Project ‘’Faces of Srebrenica’’ helps in remembering Europe’s worst genocide

Catch News portal carried a story on 21 October saying that as the Syrian war enters its fifth year and Russia deploys its forces, thousands of refugees are fleeing persecution and war. But a similar genocide took place in July 1995 and neither the UN nor the world powers intervened and saved innocent lives. Around 8,372 Bosnian Muslim civilian men were slaughtered by Bosnian Serb forces in the UN-protected area, Srebrenica, and buried in mass graves. A Bosnian journalist, Dzenana Halimovic, has taken upon itself to identify the victims of genocide, trace down their roots and contact their families, in her project ‘’Faces of Srebrenica’’. Her project has helped numerous families who fled Srebrenica. She wanted to reveal the faces and the stories of the people who were buried in mass graves and of those who are not yet found. After she received the list of all the victims from the Missing Persons Institute, she started collecting photos with NGOs. Dzenana says that Srebrenica should serve as a reminder, but that we can see the pattern repeating around the world, especially in Syria. http://bit.ly/1RpOhUi

HRW warns about disappearances and repression in Turkmenistan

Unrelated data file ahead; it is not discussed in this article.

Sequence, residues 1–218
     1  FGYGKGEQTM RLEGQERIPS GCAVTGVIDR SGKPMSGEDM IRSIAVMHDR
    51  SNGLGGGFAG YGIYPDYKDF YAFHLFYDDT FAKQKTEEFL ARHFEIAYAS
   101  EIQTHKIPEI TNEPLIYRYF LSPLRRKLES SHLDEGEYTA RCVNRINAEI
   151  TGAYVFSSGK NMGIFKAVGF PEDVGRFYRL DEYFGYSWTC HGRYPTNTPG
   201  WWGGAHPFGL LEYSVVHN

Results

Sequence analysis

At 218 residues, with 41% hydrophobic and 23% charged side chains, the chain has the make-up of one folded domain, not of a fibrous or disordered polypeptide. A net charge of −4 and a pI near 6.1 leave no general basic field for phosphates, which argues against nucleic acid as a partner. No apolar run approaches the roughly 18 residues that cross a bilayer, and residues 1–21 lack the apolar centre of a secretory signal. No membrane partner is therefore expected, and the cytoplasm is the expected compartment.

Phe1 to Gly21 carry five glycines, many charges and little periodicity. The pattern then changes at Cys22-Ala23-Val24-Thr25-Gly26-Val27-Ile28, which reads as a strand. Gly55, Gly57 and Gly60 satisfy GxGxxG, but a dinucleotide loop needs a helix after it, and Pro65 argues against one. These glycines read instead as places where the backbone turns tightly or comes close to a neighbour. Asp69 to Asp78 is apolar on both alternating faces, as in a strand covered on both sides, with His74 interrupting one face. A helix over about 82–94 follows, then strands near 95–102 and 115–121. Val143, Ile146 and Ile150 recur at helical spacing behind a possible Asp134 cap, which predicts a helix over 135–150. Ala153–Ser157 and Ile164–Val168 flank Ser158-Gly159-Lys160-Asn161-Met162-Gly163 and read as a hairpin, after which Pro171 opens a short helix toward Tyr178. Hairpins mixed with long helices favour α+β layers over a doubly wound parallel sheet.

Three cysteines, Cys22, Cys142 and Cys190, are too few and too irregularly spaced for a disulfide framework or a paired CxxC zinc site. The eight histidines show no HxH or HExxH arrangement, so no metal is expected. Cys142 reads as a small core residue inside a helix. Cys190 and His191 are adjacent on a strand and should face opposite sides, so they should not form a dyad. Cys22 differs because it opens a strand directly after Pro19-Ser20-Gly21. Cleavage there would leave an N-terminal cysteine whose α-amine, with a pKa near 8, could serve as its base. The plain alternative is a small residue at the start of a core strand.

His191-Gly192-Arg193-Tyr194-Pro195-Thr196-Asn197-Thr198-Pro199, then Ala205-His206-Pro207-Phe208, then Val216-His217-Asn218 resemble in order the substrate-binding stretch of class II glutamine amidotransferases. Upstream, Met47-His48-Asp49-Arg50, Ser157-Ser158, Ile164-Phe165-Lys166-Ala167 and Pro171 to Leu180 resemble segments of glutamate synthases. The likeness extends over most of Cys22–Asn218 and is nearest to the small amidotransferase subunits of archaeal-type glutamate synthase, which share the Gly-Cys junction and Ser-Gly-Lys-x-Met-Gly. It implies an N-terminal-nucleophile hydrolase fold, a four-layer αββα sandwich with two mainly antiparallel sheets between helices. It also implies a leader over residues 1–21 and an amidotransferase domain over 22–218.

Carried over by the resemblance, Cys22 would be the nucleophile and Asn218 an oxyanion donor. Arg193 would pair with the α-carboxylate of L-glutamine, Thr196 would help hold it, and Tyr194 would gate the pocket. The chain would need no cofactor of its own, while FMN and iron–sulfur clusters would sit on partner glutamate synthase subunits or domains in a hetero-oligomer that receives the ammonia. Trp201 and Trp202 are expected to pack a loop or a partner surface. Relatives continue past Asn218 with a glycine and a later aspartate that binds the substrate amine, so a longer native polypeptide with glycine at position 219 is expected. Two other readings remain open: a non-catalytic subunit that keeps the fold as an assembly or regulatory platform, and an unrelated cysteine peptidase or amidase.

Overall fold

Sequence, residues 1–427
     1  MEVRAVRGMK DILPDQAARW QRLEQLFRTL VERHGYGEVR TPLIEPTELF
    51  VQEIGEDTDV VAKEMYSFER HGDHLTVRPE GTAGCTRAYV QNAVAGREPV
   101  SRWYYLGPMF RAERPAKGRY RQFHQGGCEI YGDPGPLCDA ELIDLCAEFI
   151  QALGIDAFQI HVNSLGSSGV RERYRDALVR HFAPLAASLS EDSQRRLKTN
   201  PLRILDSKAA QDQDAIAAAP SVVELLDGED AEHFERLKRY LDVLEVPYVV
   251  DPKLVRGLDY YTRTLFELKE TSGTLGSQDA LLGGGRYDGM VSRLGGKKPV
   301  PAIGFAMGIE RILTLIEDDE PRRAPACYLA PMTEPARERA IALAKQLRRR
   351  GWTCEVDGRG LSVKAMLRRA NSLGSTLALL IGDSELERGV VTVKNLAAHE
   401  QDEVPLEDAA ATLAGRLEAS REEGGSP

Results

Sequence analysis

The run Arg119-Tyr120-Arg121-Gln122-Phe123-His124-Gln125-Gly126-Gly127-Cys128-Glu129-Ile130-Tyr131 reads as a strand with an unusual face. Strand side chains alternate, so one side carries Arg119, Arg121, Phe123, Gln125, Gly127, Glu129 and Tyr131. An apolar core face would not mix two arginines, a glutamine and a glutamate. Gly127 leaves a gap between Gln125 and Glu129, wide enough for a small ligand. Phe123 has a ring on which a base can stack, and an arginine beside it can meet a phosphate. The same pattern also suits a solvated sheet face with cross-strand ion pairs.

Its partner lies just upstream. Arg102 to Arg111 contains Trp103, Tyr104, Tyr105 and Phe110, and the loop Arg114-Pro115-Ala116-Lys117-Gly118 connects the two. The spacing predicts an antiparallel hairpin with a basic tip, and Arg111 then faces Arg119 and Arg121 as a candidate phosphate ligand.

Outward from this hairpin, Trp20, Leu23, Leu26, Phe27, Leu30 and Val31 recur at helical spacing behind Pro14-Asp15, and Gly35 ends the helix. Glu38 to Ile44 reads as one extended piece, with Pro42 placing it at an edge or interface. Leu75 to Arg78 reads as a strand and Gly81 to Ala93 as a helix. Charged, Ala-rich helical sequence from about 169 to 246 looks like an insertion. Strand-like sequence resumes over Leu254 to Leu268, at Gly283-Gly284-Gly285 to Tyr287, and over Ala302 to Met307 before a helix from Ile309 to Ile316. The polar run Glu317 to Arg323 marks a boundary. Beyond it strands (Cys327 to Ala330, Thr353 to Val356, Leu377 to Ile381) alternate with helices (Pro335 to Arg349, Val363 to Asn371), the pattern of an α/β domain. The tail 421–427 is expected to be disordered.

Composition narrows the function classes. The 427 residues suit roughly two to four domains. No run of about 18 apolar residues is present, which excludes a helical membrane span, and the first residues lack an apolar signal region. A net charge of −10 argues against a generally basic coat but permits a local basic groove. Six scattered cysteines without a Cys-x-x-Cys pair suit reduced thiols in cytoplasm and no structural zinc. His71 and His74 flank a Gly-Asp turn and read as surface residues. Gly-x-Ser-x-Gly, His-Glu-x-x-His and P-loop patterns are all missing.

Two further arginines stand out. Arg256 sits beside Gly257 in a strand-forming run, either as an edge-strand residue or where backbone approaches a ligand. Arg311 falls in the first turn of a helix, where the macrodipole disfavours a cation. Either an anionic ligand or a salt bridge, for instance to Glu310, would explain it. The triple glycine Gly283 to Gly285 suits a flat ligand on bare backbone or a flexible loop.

Human Rights Watch issued a ‘’Briefing Memorandum on Human Rights Concerns’’ in Central Asia on 21 October in which it expressed special concern about disappearances in Turkmenistan. Turkmenistan is one of the most repressive and closed countries in the world which remains utterly cut off from any independent human rights scrutiny. Human Rights Watch is worried about authorities’ practice to use imprisonment as a tool for political retaliation. It is impossible to determine the actual number of political prisoners because the justice system lacks transparency. One well-known case is that of Gulgeldy Annaniazov, a political dissident arrested in 2008, who is serving an 11-year sentence on charges not known even to his family. Dozens of other individuals, most of whom were arrested in the late 1990’s and early 2000’s have simply disappeared in the Turkmen prison system. For more than 12 years now, the government has refused to allow them any contact with their families. An October 2014 decision by the UN Human Rights Committee recognized former Foreign Minister Boris Shikhmuradov as a victim of enforced disappearance and found that Turkmenistan is under obligation to provide him and his family with an effective remedy. http://bit.ly/1ku9L8a

Items in Daily World News Digest are summaries of published reports relevant to the issue of missing persons, compiled by ICMP staff.  These items do not necessarily reflect the position of ICMP.